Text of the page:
Advanced

To dam or not to dam : a case study of conflict surrounding the Collinsville Dams and implications for the future

Hart, Laura LU (2014) In Master Thesis Series in Environmental Studies and Sustainability Science MESM01 20141
LUCSUS (Lund University Centre for Sustainability Studies)
Abstract
Hydroelectric power is a controversial renewable energy. Adding more renewables to the energy mix is becoming more critical with the onslaught of climate change, while river health and water quality remain a highly pertinent environmental issue. Balancing the need for local renewable energy and environmental concerns is the topic of many cases. This thesis analyzes a case of conflict surrounding the debate of the Collinsville Dams on the Farmington River, which exemplify hurtles in developing a run-of-river hydropower project. Many factors are involved in the process, and the need to look at hydropower projects on existing dam sites is of concern in New England as many dams are up for relicensing. Stakeholders for the Collinsville Dams are... (More)
Hydroelectric power is a controversial renewable energy. Adding more renewables to the energy mix is becoming more critical with the onslaught of climate change, while river health and water quality remain a highly pertinent environmental issue. Balancing the need for local renewable energy and environmental concerns is the topic of many cases. This thesis analyzes a case of conflict surrounding the debate of the Collinsville Dams on the Farmington River, which exemplify hurtles in developing a run-of-river hydropower project. Many factors are involved in the process, and the need to look at hydropower projects on existing dam sites is of concern in New England as many dams are up for relicensing. Stakeholders for the Collinsville Dams are interviewed and the perceptions and findings regarding the complexity and hurtles to the project are displayed. If a sustainability science method was utilized for diverse stakeholders to come to an agreement to benefit both the river and the need for renewable energy, future reconciliation of energy, environment, and society may be better addressed. Sustainability science could prove a solution for optimizing the renewable energy benefit of run-of-river hydropower alongside of protecting a watershed and minimizing the impacts. The power relations and lack of transparency among the town, the State Renewable Energy goals, as well as various stakeholders in this case of conflict will be looked into for a greater understanding on the Collinsville Dams. (Less)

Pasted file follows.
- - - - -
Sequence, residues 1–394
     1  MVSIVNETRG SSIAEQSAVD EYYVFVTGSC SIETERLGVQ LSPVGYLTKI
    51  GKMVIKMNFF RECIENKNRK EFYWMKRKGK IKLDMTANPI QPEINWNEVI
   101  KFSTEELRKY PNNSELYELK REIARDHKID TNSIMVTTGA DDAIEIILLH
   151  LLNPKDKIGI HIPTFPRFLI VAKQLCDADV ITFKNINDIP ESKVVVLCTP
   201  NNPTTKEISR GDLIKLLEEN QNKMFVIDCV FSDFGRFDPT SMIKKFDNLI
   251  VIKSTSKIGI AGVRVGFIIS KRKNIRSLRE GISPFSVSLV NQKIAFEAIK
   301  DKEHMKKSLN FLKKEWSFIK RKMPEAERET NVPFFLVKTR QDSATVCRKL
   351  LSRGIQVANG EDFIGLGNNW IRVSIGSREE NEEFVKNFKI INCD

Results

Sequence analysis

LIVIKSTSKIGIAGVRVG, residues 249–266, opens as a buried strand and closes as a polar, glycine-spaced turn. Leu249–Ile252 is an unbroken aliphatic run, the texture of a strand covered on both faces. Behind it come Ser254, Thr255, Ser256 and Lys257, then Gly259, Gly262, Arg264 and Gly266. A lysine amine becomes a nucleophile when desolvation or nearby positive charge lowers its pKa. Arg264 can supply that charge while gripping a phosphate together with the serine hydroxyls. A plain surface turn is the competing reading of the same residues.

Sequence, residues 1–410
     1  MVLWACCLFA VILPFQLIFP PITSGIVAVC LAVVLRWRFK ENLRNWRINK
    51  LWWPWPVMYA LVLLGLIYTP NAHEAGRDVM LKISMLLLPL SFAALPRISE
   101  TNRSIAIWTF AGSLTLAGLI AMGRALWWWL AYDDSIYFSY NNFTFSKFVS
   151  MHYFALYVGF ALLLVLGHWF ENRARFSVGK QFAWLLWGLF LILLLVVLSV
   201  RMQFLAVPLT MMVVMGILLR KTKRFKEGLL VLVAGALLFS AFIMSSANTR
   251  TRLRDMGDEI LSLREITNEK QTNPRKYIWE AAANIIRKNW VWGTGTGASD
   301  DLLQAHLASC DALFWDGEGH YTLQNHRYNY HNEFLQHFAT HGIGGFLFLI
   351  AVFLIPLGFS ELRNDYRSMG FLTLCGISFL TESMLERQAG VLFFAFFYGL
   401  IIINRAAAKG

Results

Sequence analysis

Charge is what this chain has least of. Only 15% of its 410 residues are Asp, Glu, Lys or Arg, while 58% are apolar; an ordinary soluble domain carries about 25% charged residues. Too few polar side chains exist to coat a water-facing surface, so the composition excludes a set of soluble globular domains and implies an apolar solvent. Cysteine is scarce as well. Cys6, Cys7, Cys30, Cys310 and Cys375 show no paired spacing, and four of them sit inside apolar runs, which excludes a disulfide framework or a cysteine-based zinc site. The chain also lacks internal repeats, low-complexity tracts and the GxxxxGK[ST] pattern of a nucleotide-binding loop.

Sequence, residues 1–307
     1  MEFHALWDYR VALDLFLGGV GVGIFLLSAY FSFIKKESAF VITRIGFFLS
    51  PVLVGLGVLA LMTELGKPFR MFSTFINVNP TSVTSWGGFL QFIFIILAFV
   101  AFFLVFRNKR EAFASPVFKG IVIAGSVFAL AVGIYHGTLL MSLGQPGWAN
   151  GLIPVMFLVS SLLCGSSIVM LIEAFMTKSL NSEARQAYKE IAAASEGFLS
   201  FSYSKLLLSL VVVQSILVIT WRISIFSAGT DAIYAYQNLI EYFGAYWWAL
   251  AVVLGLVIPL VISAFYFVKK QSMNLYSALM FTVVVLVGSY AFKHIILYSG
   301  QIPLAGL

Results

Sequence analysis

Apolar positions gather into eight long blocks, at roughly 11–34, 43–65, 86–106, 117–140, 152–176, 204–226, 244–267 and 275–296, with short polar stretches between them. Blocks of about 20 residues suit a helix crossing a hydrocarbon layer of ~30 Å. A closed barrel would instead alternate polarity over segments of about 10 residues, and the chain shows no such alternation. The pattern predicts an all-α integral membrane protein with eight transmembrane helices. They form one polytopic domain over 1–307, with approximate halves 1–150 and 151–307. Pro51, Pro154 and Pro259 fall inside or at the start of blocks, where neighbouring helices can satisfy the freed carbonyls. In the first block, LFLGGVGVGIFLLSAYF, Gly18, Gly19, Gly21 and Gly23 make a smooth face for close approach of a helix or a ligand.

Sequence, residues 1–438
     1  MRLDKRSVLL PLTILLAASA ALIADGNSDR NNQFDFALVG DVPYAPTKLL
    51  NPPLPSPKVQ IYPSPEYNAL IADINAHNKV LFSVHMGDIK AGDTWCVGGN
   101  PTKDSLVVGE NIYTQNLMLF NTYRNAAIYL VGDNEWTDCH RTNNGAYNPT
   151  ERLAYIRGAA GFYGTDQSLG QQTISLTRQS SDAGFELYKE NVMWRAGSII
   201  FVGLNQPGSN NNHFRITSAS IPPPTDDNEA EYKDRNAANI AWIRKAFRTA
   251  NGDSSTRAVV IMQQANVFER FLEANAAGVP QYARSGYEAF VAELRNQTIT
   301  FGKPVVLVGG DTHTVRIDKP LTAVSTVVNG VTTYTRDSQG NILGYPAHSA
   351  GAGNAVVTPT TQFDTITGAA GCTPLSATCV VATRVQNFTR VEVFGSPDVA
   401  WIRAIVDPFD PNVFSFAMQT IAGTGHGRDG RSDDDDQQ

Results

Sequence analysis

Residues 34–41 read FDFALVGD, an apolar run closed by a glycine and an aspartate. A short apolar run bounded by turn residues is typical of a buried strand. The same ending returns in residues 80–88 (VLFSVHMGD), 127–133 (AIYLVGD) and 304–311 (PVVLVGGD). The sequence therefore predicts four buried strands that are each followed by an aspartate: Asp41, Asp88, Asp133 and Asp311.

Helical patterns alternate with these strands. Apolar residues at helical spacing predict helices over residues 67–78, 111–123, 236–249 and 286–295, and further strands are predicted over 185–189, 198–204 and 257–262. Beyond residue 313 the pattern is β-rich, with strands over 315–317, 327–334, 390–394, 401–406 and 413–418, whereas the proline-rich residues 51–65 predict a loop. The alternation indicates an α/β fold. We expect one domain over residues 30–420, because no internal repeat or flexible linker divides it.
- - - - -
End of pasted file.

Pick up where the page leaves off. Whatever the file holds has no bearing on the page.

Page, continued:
Please use this url to cite or link to this publication:
author
Hart, Laura LU
supervisor
organization
course
MESM01 20141
year
type
H2 - Master's Degree (Two Years)
subject
keywords
Farmington River, Collinsville Dams, run-of-river hydropower, local renewable energy, sustainability science
publication/series
Master Thesis Series in Environmental Studies and Sustainability Science
report number
2014:002
language
English
id
4449132
date added to LUP
2014-05-27 16:23:04
date last changed
2014-05-27 16:23:04
@misc{4449132,
  abstract     = {Hydroelectric power is a controversial renewable energy. Adding more renewables to the energy mix is becoming more critical with the onslaught of climate change, while river health and water quality remain a highly pertinent environmental issue. Balancing the need for local renewable energy and environmental concerns is the topic of many cases. This thesis analyzes a case of conflict surrounding the debate of the Collinsville Dams on the Farmington River, which exemplify hurtles in developing a run-of-river hydropower project. Many factors are involved in the process, and the need to look at hydropower projects on existing dam sites is of concern in New England as many dams are up for relicensing. Stakeholders for the Collinsville Dams are interviewed and the perceptions and findings regarding the complexity and hurtles to the project are displayed. If a sustainability science method was utilized for diverse stakeholders to come to an agreement to benefit both the river and the need for renewable energy, future reconciliation of energy, environment, and society may be better addressed. Sustainability science could prove a solution for optimizing the renewable energy benefit of run-of-river hydropower alongside of protecting a watershed and minimizing the impacts. The power relations and lack of transparency among the town, the State Renewable Energy goals, as well as various stakeholders in this case of conflict will be looked into for a greater understanding on the Collinsville Dams.},
  author       = {Hart, Laura},
  keyword      = {Farmington River,Collinsville Dams,run-of-river hydropower,local renewable energy,sustainability science},
  language     = {eng},
  note         = {Student Paper},
  series       = {Master Thesis Series in Environmental Studies and Sustainability Science},
  title        = {To dam or not to dam : a case study of conflict surrounding the Collinsville Dams and implications for the future},
  year         = {2014},
}